Karmenu Vella, European Commissioner for Environment, Fisheries and Maritime Affairs: “This study by ELD shows the immediate and global impact of land degradation and highlights that actions to tackle it pay off. Increased land degradation is also one of the factors that can lead to migration and it is being exacerbated by climate change. On our planet, the area affected by drought has doubled in 40 years. One third of Africa is threatened by desertification. As President Juncker said in his State of the Union speech last week, climate refugees will become a new challenge – if we do not act swiftly. We need to be as ambitious as possible in the negotiations for COP 21 in Paris”


The Economics of Land Degradation (ELD) Initiative

ELD was created to help raise global awareness of the full economic potential of land and land services, including market and non-market values (e.g., carbon sequestration, recreational values, nutrient cycling, etc.) and the costs of land degradation.

The Initiative focused on creating efficient, practical tools and methodologies to fully assess land’s value and thus encourage sustainable land management.

By determining the economic values of ecosystem services preserved or enhanced through proper land management and restoration, the ELD Initiative has created ‘a common language’ to help communities choose between land use options.

Options to address land degradation include reforestation, afforestation, sustainable agricultural practices, and establishing alternative livelihoods such as eco-tourism. Potential economic tools include payments for ecosystem services, subsidies, taxes, voluntary payments for environmental conservation, and access to micro-finance and credit. Facilitating sustainable land management also requires using legal, social marketing, and policy tools.

Final report

The Value of Land
In full:
Summary of findings and recommendations: Pages 133-136

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News release in full, click here

Example coverage:

Washington Post, USA: “Damaging the land we live on is costing humans trillions every year,” click here

Reuters, UK: “Spread of deserts costs trillions, spurs migrants: study,” click here
Portuguese: “Expansão de desertos custa trilhões e gera migração, diz estudo da ONU,” click here
Chinese: “土地退化經濟損失 1年逾數兆美元,” click here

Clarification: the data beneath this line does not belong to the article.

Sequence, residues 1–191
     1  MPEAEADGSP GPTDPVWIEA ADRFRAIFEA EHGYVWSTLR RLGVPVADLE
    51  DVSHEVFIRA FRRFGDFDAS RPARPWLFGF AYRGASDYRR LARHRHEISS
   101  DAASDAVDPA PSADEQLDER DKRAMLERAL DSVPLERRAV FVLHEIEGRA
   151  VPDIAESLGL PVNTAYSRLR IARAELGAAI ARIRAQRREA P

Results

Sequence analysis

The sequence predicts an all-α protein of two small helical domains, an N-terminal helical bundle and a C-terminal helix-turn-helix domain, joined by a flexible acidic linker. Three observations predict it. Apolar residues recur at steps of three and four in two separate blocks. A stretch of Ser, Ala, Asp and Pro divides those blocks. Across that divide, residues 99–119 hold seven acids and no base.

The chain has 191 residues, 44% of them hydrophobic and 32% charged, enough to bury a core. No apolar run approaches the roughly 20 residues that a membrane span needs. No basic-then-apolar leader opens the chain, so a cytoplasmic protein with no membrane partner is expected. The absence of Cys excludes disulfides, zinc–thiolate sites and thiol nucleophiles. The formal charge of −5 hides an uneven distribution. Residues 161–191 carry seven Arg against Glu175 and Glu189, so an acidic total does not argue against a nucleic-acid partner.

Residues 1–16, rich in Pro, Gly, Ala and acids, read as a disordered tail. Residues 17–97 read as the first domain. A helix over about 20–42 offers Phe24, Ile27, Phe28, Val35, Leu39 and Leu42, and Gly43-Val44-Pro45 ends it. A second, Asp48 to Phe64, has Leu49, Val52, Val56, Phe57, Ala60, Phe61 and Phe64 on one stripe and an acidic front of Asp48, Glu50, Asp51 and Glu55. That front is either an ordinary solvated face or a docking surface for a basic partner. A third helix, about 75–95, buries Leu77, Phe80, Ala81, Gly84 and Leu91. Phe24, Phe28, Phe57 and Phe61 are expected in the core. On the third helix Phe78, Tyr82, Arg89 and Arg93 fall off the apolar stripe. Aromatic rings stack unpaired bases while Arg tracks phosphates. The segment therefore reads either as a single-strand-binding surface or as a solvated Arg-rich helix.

The Guardian, UK: “Land degradation costs the world up to $10.6tn a year, report says,” click here

Newsweek, USA: “Climate Change Will Cause the World’s Next Migration Crisis (Frank Biermann commentary),” click here; “Lack of Resources Could Create 50 Million Climate Migrants in Decade, Says Report,” click here

Deutsche Presse Agentur (DPA), Germany, German: “UN-Studie: Riesen-Verluste drohen: 50 Millionen Flüchtlinge durch Bodenzerstörung,” click here (also via APA, Austria: click here)

ANSA, Italy, Italian: “Il 17% del Pil mondiale va in fumo per degradazione suolo,” click here

Agencia EFE, Spain, Spanish: “El mundo pierde hasta un 17 % de PIB anual por la degradación del suelo,” click here

Actualités News Environnement, France, French: “La désertification coûte des trillions et suscite la migration,” click here

Indo-Asian News Service, India: “Land degradation can create 50 million migrants in a decade: Study,” click here

Maailma, Finland, Finnish: “Raportti: Maaperän rappeutuminen maksaa biljoonia vuodessa,” click here

صحيفة حريات, (Hurriyat) Sudan, Arabic: “دراسة دولية جديدة : السودان يخسر أكثر من (7% ) من قيمة أراضيه,” click here

DiaCaf, Romania, Romanian: “Criza refugiatilor nu se termina curand. Specialistii avertizeaza: mai urmeaza un val!,” click here

Dnevnik, Bulgaria, Bulgarian: “Разширяването на пустините струва трилиони долари и създава милиони имигранти,” click here

New Europe, Belgium: “What if Syria is only the beginning of the refugee crisis?,” click here

Sueddeutsche, Germany, German: “Das unterschätzte Gut,” click here

Protothema, Greece, Greek: “Κίνδυνος για την ανθρωπότητα η εξάπλωση των ερήμων,” click here

iPolitics, Canada: “Next wave of migrants will be seeking arable land, warn experts,” click here

International Business Times, USA
Land Degradation, Desertification Might Create 50 Million Climate Refugees Within A Decade,” click here

EurActiv, EU, German: “Land in Sicht: Den Wert unseres Bodens erkennen,” click here

Aamulehti, Finland, Finnish: “Tuore raportti: Kymmenessä vuodessa jopa 50 miljoonaa ympäristöpakolaista lisää,” click here

Merdeka, Indonesia, Indonesian: “Bumi tengah menderita! 5 Fakta kerusakan lingkungan ini bikin ngeri,” click here

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Complete coverage summary, click here